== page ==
ESPE Abstracts (2015) 84 P-3-817

Two Synchronous Central Nervous System Tumors in a Child with Neurofibromatosis Type 1

Rodica Elena Corneana,b, Monica Scutariua,c, Gheorghe Ungureanua,c, Dorin Farcaua,d & Stefan Floriana,c

aUniversity of Medicine and Pharmacy Iuliu Hatieganu, Cluj Napoca, Romania; bPaediatrics Clinic, Cluj Napoca, Romania; cNeurosurgery Clinic, Cluj Napoca, Romania; dPaediatrics Clinic, Cluj Napoca, Romania

Background: Synchronous, multiple central nervous system (CNS) tumors are usually rare in pediatric patients. Pilocytic astrocytomas are the major type of CNS tumors in neurofibromatosis type 1 (NF1).

Case presentation: A 6.5-year-old boy was admitted to our hospital for severe emaciation. Profound fat and muscle wasting were the only prominent clinical features. His growth rate was preserved despite his rapid dramatic weight loss (HT: 118 cm, P. 0.50; WT: 16.5 kg P. 0.3, BMI: 11.9 kg/m2 <P. 0.4, T.J. Cole 1995). IGF1 value was low (45 ng/ml). Physical exam also showed two café-au-lait spots (0.5 cm) and scoliosis. No headaches, vomiting, seizures, ataxia, blurred vision, diplopia, nistagmus or signs of progressing into puberty were present. Adrenal and thyroid tests were normal. Serum electrolytes were normal as well. Tests for Crohn, celiac disease, HIV and other hematologic malignancies were negative. On magnetic resonance imaging of the brain, two concomitant large masses (5 cm each) were identified. The first mass had a diencephalic location (with wide hypothalamic involvement) while the second mass was located outside the optic pathway (extra optic pathway tumors/extra-OPT) in the posterior fossa (with extension towards the brainstem and 4th ventricle). Both proved to be pilocytic astrocytomas.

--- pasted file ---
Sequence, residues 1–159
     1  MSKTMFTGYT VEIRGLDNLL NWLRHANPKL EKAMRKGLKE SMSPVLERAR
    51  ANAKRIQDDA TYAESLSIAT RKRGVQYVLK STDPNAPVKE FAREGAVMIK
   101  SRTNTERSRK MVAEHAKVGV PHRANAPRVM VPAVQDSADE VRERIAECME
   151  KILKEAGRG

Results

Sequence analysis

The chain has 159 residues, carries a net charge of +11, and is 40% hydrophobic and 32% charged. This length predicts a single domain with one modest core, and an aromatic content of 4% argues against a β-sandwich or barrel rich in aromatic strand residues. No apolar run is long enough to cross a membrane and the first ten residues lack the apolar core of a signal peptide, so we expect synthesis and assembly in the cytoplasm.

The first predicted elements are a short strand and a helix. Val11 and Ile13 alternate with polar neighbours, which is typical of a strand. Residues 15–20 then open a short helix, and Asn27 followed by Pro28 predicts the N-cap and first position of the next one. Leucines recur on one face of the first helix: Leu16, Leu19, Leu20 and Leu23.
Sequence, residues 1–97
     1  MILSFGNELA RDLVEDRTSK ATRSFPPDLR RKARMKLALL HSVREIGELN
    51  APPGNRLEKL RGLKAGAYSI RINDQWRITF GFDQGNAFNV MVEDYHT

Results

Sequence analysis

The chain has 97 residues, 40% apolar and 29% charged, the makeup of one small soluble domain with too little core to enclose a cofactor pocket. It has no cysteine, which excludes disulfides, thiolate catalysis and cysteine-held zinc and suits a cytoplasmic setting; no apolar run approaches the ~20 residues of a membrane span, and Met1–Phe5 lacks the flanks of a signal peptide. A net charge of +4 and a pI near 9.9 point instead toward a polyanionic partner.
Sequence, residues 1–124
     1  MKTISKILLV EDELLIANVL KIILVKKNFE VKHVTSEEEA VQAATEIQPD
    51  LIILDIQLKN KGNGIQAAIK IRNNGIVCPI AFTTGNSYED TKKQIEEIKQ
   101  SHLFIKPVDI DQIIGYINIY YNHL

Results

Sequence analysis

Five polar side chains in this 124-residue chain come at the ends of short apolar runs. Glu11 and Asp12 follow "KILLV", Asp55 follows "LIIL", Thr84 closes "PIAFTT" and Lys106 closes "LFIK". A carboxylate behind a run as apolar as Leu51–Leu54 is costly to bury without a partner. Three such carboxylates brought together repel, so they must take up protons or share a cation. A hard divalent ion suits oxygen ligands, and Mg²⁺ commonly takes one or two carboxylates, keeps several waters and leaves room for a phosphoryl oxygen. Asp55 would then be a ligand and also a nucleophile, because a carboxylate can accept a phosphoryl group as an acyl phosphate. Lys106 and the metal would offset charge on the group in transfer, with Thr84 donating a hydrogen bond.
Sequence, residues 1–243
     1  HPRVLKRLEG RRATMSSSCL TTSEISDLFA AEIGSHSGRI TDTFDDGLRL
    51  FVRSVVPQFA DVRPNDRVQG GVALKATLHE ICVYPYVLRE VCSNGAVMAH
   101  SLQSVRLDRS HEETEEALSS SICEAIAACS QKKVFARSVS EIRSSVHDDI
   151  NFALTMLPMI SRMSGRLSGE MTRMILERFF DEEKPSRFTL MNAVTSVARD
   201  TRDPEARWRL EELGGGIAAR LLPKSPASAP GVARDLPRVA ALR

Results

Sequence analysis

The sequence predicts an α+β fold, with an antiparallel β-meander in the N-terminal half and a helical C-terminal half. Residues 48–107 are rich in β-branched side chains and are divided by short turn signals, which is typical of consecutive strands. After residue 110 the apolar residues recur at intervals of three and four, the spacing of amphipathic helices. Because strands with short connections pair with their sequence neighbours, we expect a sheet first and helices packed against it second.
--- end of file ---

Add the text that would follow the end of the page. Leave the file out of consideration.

Conclusion: The same histological type in both tumors pointed out towards NF1 as the underlying medical condition even when the NIH diagnostic criteria for NF1 didn’t seem to be met at the chronological age of the patient. In our case, the diencephalic syndrome (characterised by cachexia and preserved linear growth) might be considered the revealing metabolic signature of the hypothalamic tumor regardless of the paucity of the accompanying symptoms. Furthermore, even if the presence of two synchronous CNS tumors is certainly a rare event, this is not the case anymore in patients with NF1 regardless of the severity of their skin involvement.

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